Lately, even my biggest clients have paid via PayPal. It’s an easy way to handle payments for freelancers, allowing you to accept payments without needing to wait for a check or hand out your banking information.
Today, though, I’ve heard some worries about PayPal from several freelancers: seemingly overnight, the payment processing service added a fee for receiving payments in a personal account. Leaving aside the question of whether PayPal acted properly in how they notified account holders, I think it is important to note that it’s very easy for freelancers to avoid this new fee.
Many freelancers, especially those who work part-time, seem to have personal PayPal accounts because it’s the easiest type of account to set up. However, as long as you’re freelancing, you’re not really using your PayPal account for personal purposes.
The Differences Between Accounts
A business PayPal account offers you the ability to handle far more complex transactions than a persona account, from invoicing clients to creating a shopping cart on your website. You also don’t face the limits on transactions from a personal account. You can’t transfer more than $500 out of a personal account in any given month, for instance. That limitation can be a major problem for a freelancer — unless your landlord accepts PayPal.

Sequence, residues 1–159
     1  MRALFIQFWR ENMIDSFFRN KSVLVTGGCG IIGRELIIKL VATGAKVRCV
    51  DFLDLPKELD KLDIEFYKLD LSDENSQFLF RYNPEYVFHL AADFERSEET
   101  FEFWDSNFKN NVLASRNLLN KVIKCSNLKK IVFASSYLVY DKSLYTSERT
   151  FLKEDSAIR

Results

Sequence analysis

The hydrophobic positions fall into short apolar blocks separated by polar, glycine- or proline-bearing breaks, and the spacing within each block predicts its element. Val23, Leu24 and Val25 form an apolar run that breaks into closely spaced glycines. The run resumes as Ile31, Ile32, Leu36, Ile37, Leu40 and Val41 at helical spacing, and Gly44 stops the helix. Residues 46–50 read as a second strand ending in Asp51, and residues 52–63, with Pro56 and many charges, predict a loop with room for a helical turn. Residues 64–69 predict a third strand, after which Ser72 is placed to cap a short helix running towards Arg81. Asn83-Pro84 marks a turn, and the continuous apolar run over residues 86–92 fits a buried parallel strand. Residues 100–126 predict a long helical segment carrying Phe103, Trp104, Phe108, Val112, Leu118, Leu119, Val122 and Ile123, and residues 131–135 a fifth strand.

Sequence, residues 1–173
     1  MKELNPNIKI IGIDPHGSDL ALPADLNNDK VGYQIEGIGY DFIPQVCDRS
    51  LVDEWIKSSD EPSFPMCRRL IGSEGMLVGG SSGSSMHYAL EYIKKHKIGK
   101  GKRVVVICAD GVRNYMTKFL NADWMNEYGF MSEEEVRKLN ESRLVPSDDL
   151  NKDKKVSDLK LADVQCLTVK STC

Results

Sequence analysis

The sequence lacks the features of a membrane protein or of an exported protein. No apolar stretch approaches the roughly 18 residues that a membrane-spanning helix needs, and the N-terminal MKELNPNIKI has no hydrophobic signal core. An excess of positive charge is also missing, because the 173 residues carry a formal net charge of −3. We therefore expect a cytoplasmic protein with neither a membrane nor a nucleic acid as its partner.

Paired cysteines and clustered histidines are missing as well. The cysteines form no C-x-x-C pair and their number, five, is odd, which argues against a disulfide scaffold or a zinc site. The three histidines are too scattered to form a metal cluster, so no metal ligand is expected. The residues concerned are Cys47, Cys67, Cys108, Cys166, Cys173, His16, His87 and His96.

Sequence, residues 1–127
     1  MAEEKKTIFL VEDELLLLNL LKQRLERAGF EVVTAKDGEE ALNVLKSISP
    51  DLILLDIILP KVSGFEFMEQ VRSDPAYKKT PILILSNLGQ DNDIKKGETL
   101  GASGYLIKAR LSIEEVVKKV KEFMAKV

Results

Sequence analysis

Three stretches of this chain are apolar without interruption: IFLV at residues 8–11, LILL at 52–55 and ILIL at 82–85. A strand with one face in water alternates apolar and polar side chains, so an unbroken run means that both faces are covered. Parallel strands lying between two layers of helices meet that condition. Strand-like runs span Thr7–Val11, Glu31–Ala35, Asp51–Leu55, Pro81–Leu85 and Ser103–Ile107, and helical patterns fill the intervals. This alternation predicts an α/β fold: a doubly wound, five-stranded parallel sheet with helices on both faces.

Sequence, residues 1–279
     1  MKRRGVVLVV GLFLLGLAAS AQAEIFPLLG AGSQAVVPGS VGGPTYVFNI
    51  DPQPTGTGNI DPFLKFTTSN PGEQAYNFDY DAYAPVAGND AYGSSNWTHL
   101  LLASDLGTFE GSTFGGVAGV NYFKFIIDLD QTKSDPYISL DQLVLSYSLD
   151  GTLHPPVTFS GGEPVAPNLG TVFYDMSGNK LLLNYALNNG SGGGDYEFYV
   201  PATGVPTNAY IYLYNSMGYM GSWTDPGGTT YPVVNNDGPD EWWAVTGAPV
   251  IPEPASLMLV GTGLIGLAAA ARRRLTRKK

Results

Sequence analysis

There’s no cost for upgrading your account to a business account: it’s more a matter of time. You do have to verify your information beyond the basic level used for a personal account, but that can be a benefit.
Despite its ease of use, PayPal has had its share of problems. Besides this morning’s issues, some freelancers have found themselves facing situations where they could not access funds in their PayPal accounts or clients had scammed them through the site. I still use PayPal — but I transfer money out immediately and am cautious about how I use my account. It’s worth reading up on such problems in order to be aware of the issues, as well as make sure that PayPal is the best choice for you. Cara William’s story may be a good starting point.